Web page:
The conservative bloc based their denial of the stay on the fact that the inmate had waited to long to file his appeal since his execution was originally set for February 7th all way back on November 6th. That seems like a pretty flimsy pretext for their decision because, as Kagan also noted, the inmate was not notified of the state’s refusal to provide an imam until January 23rd, and then followed the prison’s administrative procedures before filing his appeal on January 28th. That hardly seems like an excessive delay on the part of the inmate.
As Neal Katyal wrote last night, “100 years from now, law students will read about this decision. It may be read alongside Dred Scott, Plessy v. Ferguson, Korematsu, and the Chinese Exclusion Act cases”, joining the pantheon of the worst and most racist Supreme Court decisions in history.
But the case gets worse when you consider another aspect of this ruling. The Eleventh Circuit had already issued the stay and was prepared to hear all the evidence in the case before issuing a final ruling. By overturning the stay, the Court short-circuited the process that would have allowed the full case to be presented. As southpaw writes, “The procedural posture of tonight’s death penalty case is important. The 11th Circuit (which covers Alabama, Florida, and Georgia) wanted to slow down and hear this prisoner’s First Amendment appeal. SCOTUS blew that appeals process up without hearing any arguments itself…Preventing a lower court from hearing an appeal in a capital case is a radical move from the SCOTUS majority. And, although Solicitor Gen. Noel Francisco’s office isn’t involved, it appears calculated to encourage the aggressive cert before judgment strategy he has been pursuing.”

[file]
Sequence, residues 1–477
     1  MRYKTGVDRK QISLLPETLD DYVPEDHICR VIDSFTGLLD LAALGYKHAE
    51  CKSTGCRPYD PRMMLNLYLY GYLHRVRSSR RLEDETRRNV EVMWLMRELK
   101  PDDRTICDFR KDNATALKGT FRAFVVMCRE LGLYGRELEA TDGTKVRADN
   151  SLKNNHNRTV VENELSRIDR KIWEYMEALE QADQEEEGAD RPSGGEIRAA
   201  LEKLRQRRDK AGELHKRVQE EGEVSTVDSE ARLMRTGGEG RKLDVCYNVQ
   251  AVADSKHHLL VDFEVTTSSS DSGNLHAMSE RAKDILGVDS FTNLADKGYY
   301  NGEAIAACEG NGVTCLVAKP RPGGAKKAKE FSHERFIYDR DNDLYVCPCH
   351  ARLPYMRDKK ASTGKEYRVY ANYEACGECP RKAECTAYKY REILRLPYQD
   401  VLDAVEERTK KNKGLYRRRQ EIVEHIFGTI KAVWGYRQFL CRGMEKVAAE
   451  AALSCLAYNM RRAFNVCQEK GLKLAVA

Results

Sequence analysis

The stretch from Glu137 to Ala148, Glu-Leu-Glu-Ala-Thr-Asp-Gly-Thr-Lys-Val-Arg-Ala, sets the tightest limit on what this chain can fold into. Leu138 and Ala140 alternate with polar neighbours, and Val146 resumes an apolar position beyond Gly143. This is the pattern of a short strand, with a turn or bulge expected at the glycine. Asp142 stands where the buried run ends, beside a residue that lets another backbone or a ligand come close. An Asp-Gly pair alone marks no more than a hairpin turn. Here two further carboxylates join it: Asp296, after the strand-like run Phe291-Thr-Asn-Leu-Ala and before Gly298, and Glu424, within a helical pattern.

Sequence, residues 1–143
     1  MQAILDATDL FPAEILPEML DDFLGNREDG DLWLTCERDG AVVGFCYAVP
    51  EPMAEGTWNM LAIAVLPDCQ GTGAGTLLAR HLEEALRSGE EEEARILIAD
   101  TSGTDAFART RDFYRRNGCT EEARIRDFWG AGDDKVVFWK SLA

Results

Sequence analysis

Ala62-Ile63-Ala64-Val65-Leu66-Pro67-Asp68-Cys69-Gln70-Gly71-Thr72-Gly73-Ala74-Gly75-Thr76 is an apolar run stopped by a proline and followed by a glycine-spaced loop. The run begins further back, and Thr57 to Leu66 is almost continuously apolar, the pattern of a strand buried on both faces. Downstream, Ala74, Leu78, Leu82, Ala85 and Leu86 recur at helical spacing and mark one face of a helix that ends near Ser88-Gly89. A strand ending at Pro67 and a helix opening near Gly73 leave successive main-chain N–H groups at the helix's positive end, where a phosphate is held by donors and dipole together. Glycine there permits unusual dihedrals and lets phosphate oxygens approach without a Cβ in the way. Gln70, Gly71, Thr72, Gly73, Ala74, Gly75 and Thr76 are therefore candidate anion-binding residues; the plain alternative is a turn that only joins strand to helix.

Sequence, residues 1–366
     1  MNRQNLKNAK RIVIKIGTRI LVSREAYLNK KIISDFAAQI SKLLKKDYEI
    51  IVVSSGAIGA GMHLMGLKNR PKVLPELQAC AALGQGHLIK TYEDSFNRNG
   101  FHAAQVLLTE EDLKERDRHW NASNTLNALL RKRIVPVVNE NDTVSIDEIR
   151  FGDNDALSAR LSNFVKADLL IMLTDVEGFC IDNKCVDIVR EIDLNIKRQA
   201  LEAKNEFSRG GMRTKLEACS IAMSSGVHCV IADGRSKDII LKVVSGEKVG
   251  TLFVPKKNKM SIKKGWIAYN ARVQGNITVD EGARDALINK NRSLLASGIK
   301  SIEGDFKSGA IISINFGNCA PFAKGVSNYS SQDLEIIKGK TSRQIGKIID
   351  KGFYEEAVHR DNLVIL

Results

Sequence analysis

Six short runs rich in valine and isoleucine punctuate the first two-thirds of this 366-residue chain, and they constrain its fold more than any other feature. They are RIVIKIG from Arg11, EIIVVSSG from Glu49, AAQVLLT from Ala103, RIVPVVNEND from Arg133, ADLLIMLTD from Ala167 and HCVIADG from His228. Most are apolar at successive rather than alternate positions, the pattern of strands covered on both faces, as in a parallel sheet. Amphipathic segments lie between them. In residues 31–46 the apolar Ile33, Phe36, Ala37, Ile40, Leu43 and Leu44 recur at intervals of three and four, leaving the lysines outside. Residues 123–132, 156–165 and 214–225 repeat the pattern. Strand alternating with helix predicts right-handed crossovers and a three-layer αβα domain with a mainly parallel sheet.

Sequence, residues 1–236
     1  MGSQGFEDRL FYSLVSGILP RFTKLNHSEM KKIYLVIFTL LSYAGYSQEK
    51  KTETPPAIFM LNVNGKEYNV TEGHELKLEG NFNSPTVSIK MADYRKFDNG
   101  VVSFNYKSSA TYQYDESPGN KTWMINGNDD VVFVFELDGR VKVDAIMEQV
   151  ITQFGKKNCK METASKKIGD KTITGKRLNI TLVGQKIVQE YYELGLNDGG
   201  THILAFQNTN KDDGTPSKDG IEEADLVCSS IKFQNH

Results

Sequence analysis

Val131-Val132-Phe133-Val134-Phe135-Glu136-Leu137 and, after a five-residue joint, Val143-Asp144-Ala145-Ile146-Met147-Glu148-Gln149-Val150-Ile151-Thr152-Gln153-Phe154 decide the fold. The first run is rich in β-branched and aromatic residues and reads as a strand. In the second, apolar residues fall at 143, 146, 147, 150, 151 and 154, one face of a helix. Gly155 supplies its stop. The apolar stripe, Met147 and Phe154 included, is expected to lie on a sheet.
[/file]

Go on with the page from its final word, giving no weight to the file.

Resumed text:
This decision was essentially a power grab by Roberts and the conservative bloc on the Court. Increasingly the Trump administration has been bypassing the lower courts’ process to hear full cases and preemptively appealing those cases directly to the Supreme Court. This is what the references to “aggressive cert before judgement” and Solicitor General Francisco above is all about. And the Supreme Court recently went along with this radical departure from judicial norms by hearing a case on the Census citizenship question on an expedited basis while the case was still being litigated in the lower courts. This decision seems to invite more of that.
So, while the headlines might seem to provide an indication that the Court is being relatively reasonable, the reality is that it is far more radical than even the most skeptical Court watchers could have believed. And it speaks to the difficulties ahead for Democrats when they have legislative and/or executive power.
Originally published at thesoundings.com on February 8, 2019.